Jeff Smisek: There were many reasons we chose SHARES – it was important strategically to have the intellectual property, website functionality and controls, loyalty program integration and more. Continental spent a lot of time and money and built a lot of applications and functionality off of SHARES – it can go to the market and price our products more effectively and competitively. That said, we didn’t have the front-end of the user experience built in the time we needed to migrate passenger service over to the new system or to train our agents. However, we’ve designed 2 big apps for customers that we’ll be beta-testing next month – a new booking process with a responsive design and easy-to use point and click technology. It was important to get all our operations onto one web site during the merger and we couldn’t wait for the front-end technology to catch up, but we’re doing it now.
What are doing to improve flight on-time reliability?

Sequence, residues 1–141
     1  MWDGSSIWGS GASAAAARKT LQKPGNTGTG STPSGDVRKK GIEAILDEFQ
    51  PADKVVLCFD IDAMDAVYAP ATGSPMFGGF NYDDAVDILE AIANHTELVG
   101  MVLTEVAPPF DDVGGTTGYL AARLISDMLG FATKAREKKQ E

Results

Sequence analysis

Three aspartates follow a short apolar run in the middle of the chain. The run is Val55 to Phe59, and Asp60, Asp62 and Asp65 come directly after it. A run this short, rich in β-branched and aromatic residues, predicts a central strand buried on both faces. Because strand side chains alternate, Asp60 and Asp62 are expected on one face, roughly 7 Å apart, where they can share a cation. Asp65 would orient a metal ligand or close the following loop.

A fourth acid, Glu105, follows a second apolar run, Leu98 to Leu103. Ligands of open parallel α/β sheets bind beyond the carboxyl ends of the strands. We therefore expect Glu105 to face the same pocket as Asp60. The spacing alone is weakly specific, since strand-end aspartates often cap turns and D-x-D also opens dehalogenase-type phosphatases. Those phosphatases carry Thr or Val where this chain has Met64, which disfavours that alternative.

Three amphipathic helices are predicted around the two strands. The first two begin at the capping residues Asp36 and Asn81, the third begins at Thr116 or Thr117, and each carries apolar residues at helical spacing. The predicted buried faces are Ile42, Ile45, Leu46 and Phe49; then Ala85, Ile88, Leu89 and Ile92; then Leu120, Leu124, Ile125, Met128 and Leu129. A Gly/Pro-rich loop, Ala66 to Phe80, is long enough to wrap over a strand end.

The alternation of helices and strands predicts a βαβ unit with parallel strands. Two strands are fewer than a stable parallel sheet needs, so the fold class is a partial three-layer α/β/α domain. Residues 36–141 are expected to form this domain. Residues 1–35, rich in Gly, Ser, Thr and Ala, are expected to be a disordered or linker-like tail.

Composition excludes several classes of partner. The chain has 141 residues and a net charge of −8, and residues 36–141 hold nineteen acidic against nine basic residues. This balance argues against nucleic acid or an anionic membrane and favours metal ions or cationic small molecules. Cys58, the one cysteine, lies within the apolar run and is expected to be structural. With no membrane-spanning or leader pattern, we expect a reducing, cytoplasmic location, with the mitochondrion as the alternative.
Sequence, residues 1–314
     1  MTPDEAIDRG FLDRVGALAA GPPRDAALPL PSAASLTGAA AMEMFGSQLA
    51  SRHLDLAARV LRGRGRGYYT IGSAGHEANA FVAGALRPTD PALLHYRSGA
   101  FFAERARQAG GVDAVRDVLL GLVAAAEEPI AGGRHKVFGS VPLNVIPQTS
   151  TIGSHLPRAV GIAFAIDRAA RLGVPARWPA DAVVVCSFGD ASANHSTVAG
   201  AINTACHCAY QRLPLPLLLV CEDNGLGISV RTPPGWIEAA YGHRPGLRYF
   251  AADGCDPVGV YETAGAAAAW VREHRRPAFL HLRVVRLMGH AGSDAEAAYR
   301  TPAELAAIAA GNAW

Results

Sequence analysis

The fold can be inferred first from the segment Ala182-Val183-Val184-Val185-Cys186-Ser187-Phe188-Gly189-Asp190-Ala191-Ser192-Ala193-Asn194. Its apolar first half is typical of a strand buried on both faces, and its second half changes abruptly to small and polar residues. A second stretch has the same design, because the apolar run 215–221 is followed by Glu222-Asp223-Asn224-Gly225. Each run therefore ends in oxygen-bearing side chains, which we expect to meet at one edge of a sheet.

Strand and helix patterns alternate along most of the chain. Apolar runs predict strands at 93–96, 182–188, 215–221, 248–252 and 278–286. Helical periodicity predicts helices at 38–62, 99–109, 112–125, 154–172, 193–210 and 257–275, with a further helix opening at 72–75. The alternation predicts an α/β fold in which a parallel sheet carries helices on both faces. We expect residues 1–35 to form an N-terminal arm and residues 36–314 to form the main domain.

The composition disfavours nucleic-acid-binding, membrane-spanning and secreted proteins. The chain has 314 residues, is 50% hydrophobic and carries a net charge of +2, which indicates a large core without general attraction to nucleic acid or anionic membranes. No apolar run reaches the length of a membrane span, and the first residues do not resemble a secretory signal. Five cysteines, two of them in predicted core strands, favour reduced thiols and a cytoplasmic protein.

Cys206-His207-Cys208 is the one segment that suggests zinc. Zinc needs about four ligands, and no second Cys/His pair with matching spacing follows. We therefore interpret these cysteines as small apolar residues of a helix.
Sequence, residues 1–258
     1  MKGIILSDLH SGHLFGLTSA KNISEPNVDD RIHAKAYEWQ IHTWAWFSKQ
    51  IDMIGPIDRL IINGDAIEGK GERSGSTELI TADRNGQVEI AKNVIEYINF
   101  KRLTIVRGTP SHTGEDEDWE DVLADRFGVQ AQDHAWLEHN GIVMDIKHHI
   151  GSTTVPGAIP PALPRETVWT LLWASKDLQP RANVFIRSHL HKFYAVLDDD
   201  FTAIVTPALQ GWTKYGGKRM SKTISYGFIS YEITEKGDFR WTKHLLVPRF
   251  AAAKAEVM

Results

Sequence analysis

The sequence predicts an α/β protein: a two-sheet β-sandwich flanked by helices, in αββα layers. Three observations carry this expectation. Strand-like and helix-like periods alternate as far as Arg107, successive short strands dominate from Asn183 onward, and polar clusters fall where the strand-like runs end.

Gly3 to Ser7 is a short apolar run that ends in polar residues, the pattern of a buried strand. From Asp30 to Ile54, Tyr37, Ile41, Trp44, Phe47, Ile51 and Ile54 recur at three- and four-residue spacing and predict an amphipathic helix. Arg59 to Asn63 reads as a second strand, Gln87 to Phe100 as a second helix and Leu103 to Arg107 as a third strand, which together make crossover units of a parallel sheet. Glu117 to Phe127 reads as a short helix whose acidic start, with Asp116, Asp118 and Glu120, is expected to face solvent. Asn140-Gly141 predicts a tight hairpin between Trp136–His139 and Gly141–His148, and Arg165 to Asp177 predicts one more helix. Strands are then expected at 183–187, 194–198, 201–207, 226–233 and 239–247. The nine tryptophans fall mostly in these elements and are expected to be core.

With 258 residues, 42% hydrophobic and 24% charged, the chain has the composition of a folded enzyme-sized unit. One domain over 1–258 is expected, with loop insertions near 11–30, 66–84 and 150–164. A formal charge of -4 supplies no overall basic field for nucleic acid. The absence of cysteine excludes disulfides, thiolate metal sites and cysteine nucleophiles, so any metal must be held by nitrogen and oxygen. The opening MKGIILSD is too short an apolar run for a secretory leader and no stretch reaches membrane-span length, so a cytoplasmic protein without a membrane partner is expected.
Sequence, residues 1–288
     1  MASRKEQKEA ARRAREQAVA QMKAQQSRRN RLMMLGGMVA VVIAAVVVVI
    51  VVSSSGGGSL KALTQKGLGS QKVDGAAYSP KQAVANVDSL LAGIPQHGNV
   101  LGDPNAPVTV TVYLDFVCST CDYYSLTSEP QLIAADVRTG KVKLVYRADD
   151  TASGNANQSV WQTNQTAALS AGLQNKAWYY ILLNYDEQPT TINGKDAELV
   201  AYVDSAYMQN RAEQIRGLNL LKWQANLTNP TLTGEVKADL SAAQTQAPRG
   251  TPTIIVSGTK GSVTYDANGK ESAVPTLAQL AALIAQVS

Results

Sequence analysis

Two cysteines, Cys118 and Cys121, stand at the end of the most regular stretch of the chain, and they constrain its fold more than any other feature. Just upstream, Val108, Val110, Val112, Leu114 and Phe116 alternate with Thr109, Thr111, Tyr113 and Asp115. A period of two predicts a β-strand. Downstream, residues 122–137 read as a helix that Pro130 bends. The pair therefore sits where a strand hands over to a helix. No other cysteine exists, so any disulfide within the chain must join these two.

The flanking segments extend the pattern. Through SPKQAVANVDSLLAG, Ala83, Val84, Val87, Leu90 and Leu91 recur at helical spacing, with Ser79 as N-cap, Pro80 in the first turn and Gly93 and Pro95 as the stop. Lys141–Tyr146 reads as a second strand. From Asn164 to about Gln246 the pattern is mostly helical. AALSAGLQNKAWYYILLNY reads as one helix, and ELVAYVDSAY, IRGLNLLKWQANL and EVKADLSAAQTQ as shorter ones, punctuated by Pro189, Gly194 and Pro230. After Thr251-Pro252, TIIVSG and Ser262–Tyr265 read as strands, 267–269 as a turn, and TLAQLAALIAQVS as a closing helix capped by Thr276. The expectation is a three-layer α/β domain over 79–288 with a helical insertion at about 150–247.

Jeff Smisek: We’re very focused on operations now, especially after the horrible summer we had. A portion of fleet is under-invested – that’s happens when you go bankrupt. We have some catch-up work and inventory work to do and some preventative maintenance. All of that will bring up reliability for the existing fleet, as will our new orders including those 50 Boeing 787’s and 25 A350’s. We are spending a lot of money, and one of the purposes of the merger was to create long-term profitability and the sustainability of our fleet.
How much longer until we begin seeing WiFi on board?
Jeff Smisek: It’s true, we’re late to WiFi party, but ultimately that will be to our benefit. We will install all-new satellite broadband WiFi on our fleet, so passengers can be in touch anywhere in world except China and some polar routes. Doing so will also dramatically improve customer service since our customer service can be in touch live with passengers on an airplane – for instance if they need to change something about the in-flight experience, notify them of any upcoming issues such as missing luggage, communicate better with crews, and provide both better business and entertainment options. We will own the broadband itself and the portal, and can control sites, advertising, etc. to make it a better experience for the customers. In terms of numbers, we’ll have 300 airplanes done by end of next year – we’re working on the A319’s now and then the Boeing 747’s, and then we’ll push to finish off the rest as quickly as possible. The 787 does not have WiFi and it’s harder to install on those because of the aircraft’s structure, but Boeing is working to certify the plane for WiFi.